Kara sits at Joe's, drinking, with a mirror by her side, echoing her tattoo back to her, the other half of her marriage insensate and unspeaking. She's irritated by the music, and yells at the piano guy. He clarifies that he's not "playing" the same lame-ass song, but composing it. "Been at it for four days now, it's hell." One of my chief issues with this script, as usual, is the tic where everybody talks like Wolverine: Like these actors aren't talented enough to interpret the lines in character. Gotta write them naturalistically as possible. Means a lot of dropped first words in every line. Been that way since the first season.
Kara drinks more and tells him to give up, what's the point, and Slick's like, "Um, to bring a little grace and beauty to an otherwise ugly and brutal existence." Kara lazily yells at him about the pointlessness of music -- of existence -- and retreats to the whole "how many bombs on Caprica did your music stop" place, which is obnoxious, and Slick's like, "So you're crazy and fucked up, I see." She admits, and wonders aloud how the heck that might have happened. Rafferty tells the bar it's last call, and Kara tells Slick to learn to actually play the piano before attempting immortality as a composer. She downs her last drink as he begins to play, something beautiful and sad, ethereal. Something different from his own work, something very well known in fact, to prove his skill. She doesn't look up, but she doesn't move either. The sound of the piano is amazing: like something broken that's been fixed many, many times.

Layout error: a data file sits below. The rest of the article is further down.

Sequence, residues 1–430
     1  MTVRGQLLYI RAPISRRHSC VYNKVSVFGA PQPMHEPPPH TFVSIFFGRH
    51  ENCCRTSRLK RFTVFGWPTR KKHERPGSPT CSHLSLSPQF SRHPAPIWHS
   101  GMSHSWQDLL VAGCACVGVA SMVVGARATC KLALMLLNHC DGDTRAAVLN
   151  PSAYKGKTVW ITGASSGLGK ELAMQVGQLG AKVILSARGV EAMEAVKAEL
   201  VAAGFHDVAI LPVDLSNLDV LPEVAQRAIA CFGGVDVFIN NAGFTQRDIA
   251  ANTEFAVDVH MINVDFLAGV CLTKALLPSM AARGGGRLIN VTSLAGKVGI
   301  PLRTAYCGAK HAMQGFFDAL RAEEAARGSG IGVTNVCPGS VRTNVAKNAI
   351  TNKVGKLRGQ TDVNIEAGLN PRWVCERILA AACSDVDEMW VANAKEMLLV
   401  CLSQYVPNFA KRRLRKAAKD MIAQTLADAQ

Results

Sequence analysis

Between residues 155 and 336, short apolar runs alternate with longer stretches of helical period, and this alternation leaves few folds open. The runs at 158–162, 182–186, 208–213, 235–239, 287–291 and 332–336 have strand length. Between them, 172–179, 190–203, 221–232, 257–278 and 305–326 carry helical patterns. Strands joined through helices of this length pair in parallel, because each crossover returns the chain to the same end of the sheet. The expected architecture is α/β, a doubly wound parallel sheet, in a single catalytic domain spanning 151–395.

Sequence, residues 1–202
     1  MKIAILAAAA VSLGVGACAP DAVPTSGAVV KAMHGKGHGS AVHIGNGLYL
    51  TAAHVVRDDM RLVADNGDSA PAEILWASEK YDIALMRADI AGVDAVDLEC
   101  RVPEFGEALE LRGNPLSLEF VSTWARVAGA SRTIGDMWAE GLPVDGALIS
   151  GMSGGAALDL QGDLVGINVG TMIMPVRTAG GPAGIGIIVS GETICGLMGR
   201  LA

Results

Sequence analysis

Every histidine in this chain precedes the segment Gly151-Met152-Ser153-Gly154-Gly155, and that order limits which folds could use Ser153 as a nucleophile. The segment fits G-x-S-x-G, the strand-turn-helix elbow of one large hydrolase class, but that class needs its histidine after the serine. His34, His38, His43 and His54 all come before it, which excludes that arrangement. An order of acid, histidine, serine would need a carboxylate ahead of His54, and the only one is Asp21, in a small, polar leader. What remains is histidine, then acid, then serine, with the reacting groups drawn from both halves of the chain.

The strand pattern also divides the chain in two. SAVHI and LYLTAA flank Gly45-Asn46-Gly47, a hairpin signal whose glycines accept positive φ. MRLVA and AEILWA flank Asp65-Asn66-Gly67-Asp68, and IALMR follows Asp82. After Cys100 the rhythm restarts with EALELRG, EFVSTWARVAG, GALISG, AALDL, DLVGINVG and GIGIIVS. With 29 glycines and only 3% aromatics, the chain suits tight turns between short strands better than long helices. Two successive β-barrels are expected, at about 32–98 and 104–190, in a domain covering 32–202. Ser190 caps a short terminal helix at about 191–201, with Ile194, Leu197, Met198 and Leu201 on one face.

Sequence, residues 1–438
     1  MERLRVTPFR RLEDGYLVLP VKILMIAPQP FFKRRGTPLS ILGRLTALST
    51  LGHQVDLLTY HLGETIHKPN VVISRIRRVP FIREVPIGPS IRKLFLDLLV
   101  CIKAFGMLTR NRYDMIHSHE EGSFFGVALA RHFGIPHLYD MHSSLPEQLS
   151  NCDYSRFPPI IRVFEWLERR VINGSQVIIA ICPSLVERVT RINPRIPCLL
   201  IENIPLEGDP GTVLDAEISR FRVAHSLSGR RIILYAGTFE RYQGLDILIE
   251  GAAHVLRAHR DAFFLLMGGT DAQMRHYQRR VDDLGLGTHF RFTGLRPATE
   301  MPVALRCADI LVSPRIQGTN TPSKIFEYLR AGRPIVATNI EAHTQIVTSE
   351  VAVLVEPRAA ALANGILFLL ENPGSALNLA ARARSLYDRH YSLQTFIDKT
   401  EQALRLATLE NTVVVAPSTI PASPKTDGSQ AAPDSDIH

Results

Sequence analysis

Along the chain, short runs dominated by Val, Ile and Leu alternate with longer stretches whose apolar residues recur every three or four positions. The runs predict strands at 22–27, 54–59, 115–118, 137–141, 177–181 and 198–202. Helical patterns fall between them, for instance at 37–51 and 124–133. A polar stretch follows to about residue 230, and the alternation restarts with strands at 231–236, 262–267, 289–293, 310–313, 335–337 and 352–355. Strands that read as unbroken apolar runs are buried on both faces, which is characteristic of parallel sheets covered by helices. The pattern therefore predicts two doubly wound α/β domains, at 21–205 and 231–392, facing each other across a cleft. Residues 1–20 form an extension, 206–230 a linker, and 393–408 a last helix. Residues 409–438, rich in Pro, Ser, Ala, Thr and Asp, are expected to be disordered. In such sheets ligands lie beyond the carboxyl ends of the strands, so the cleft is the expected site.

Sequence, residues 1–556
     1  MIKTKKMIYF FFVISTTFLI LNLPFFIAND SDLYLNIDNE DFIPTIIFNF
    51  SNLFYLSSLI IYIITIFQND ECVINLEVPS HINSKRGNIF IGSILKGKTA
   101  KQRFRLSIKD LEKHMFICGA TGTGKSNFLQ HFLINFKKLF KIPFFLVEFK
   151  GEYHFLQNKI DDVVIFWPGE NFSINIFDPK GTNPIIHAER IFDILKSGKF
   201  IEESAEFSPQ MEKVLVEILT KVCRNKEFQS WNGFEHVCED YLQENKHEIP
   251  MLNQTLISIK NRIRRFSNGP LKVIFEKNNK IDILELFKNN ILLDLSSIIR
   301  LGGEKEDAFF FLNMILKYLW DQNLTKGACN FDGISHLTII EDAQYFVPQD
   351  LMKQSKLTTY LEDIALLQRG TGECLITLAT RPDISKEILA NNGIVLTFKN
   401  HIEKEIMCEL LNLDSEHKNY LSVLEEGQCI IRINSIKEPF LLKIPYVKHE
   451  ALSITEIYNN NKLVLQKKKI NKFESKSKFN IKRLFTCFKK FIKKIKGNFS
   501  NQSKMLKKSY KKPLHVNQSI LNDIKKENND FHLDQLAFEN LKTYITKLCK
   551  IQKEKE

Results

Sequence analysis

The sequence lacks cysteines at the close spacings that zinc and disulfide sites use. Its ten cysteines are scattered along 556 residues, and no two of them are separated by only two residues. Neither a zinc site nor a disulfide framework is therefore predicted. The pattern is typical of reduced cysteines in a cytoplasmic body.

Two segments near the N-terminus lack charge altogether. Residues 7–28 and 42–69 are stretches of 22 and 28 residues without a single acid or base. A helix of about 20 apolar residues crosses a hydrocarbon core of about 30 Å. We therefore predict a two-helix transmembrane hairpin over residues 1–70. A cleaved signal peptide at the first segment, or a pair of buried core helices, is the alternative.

The song continues as Chief works on the Galactica, staring across the way at an Eight, still alive and walking around, free, part of the new alliance. He remembers how much he loved Boomer once: the curve of her lips, the way she smelled. Boomer laughed at him: he sees her face every day! They kiss. And later, after she tried to kill herself, in the brig, having almost died himself, telling her that their love meant nothing. She was a machine, and he wasn't, and her love was never real. "Software doesn't have feelings," he hissed. Now he knows different. The other Eight applies compound to metal, unaware of how lucky she is, to be forgiven. To be free, working the deck. "How many of us ended up with the people we really wanted to be with?" He screamed at Bill. "Got stuck with the best of limited options?" He remembers Boomer, how she was gunned down, laughed at and screamed at, on her perp walk. How she died in his arms. "And why? Because the ones we really wanted, that we really loved were dead. Dying..." Her last word was his name. He's lost in the memory, shocked out of it when the power goes down. He jerks away and screams at his people.